June 1959 headlines had cruel thorns. Here’s your hero, they said to kids. No wonder it hurt so much. Reeves’ off-screen image was just too pristine for such a thing to make sense. Nothing published so far had blighted him. That might be another way of saying no one paid much attention, and maybe if they had, we’d have known more of George’s frisky ways with Eddie Mannix’s wife and party girl Leonore. As it happened, his apparent suicide was a first and therefore all the more shattering disillusionment for Superman’s followers. No one saw this tragedy coming. What we’ve learned since make events of that night play like locomotives rushing toward collision. George did keep volatile company. Plus there were guns in the house. Mix that with copious liquor and 1579 Benedict Canyon Drive was a powderkeg just poised to detonate. I have an impression (from movies and star bios?) that people drank more in the fifties. That’s the dark side of a decade otherwise preferable to now. Men seemed always to be wearing jackets and ties and kept handkerchiefs in pockets. I’m figuring George did for that last outing to the Brown Derby with Leonore. But for saucing and arguing into harm’s way with her, he might still be here, or at the least more recently deceased, but there’s a feeling of inevitability about this man’s early death. Bullet holes in floors at the house and some family history of suicides speak to that. Much as I hate admitting it, the Beverly Hills Police look to have got things (mostly) right. Just the same, I’ll continue pinning it on Leonore. She was the kind capable of shooting a man, or at the least waving a gun for his failure to come through with an engagement ring. I see her pulling George’s Luger out of its drawer and drunkenly pointing. He grabs it and Pow. That’ll remain Greenbriar’s public stance until someone proves otherwise.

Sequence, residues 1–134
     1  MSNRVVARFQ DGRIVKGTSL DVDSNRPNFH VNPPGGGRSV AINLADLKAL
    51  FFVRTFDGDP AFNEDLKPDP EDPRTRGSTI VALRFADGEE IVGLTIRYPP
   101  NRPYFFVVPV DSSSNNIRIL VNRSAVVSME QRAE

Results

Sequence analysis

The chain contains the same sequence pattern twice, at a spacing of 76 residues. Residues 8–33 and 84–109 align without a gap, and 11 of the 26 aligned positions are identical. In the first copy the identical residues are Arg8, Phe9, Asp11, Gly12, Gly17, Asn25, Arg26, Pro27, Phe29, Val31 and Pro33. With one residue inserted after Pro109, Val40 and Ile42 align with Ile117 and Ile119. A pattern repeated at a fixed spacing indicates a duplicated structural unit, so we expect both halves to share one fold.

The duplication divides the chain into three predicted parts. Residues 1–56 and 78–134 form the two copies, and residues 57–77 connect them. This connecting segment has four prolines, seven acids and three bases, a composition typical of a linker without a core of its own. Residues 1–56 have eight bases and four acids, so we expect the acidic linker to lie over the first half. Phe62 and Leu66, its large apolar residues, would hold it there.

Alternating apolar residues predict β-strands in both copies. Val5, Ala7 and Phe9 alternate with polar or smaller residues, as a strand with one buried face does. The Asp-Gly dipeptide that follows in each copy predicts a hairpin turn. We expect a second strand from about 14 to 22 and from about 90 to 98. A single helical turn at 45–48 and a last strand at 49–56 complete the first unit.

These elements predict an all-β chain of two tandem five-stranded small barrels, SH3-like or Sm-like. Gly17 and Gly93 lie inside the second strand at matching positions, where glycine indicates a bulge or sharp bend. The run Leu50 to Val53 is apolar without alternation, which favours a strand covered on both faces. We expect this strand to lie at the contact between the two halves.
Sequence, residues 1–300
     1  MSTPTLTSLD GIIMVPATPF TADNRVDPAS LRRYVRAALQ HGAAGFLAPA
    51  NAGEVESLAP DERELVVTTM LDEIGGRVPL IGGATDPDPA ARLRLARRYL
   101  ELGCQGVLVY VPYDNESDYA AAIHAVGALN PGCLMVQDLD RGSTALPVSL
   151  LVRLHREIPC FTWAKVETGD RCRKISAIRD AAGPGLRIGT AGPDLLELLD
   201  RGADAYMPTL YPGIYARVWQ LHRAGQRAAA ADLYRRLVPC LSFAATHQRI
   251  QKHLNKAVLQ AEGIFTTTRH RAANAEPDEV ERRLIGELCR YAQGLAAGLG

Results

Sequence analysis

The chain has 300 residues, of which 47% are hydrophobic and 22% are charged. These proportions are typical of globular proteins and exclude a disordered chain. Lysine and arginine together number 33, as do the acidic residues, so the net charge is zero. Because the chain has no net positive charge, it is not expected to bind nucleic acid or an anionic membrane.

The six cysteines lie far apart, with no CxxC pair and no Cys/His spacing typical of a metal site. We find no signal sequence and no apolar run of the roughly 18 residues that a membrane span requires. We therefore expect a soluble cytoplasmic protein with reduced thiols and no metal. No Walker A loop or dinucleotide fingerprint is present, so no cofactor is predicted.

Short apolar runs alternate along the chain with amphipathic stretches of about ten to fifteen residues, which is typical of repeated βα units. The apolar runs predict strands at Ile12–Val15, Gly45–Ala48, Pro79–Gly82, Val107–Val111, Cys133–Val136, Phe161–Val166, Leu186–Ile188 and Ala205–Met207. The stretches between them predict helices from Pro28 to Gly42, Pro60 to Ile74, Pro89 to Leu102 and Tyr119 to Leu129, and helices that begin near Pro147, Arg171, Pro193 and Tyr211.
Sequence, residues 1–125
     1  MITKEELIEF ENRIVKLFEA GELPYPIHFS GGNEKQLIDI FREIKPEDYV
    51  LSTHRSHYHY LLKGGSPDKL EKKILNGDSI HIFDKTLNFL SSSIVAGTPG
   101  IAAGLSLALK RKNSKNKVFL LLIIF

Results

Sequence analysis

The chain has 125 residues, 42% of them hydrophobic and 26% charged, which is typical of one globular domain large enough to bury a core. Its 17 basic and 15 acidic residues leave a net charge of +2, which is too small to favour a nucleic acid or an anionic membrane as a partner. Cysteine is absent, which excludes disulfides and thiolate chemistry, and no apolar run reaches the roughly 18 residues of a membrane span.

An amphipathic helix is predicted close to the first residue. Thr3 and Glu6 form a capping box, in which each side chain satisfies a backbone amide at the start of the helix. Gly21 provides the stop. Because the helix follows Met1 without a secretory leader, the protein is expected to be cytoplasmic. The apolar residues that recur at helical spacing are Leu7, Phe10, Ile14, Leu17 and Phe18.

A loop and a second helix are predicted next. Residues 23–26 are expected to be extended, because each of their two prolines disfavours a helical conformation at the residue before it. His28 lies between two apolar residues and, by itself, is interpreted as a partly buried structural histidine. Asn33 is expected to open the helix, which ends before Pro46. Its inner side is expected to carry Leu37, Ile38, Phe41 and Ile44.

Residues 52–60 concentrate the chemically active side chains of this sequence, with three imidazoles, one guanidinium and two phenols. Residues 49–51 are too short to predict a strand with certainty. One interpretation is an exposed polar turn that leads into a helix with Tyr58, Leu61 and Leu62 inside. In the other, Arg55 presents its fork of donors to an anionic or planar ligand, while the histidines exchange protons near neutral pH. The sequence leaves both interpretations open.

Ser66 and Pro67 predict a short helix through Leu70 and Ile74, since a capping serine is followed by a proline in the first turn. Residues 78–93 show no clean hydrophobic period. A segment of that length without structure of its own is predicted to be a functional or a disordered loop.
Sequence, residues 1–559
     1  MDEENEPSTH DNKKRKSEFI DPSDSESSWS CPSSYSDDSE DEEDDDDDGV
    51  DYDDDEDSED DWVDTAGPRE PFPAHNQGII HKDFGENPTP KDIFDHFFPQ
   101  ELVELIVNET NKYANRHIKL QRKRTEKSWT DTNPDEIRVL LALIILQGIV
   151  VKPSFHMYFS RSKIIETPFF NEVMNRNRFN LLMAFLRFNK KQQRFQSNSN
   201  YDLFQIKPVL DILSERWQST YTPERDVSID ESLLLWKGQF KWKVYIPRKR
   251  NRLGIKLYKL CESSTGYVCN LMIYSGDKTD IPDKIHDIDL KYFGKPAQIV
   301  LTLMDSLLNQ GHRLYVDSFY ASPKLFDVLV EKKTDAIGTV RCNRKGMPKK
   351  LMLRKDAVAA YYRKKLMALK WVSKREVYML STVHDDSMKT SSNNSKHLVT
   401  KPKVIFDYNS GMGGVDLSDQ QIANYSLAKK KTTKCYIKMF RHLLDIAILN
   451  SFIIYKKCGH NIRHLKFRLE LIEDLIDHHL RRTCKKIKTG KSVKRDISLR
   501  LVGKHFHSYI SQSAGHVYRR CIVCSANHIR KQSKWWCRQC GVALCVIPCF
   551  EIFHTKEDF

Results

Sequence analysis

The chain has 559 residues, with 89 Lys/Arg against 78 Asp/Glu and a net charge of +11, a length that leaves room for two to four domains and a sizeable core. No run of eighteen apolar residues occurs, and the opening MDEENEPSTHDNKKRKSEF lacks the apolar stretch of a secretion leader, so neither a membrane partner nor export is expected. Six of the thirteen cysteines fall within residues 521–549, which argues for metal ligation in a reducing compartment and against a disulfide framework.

How many remember seeing The Adventures Of Superman when it first showed up on TV in color? It was 1965 down here. Neighbors (several) had sets and one afternoon left me stunned for discovering Channel 12 in Winston-Salem running the venerable series with deep, stunning multi-hues. Yes, color did look richer then. Ann told me that a child’s senses register such things more vividly. Our perception actually dulls as we get older. I hate hearing that, of course, as it bodes not well for the future (my 16mm dupe of The Adventures Of Robin Hood looked like a blast off rainbows in 1974 --- would it seem so today?). The Superman episode had Perry White encountering a literal Great Caesar’s Ghost. It was one of those you’d not watch but for color (heck, I’d not give a row of beans for the series itself if not for George Reeves). Jan Alan Henderson in American Cinematographer says these were shot in Cinecolor. Their palette is limited, but what’s there is intense (seen Invaders From Mars?). 16mm prints of Adventures Of Superman from the sixties were indeed startling (all the more so when you could find one --- most have by now turned Eastman red). Reeves’ suit jumped off my screen when I screened a few in college. I wonder if actual Cinecolor prints exist. That would really be something to see.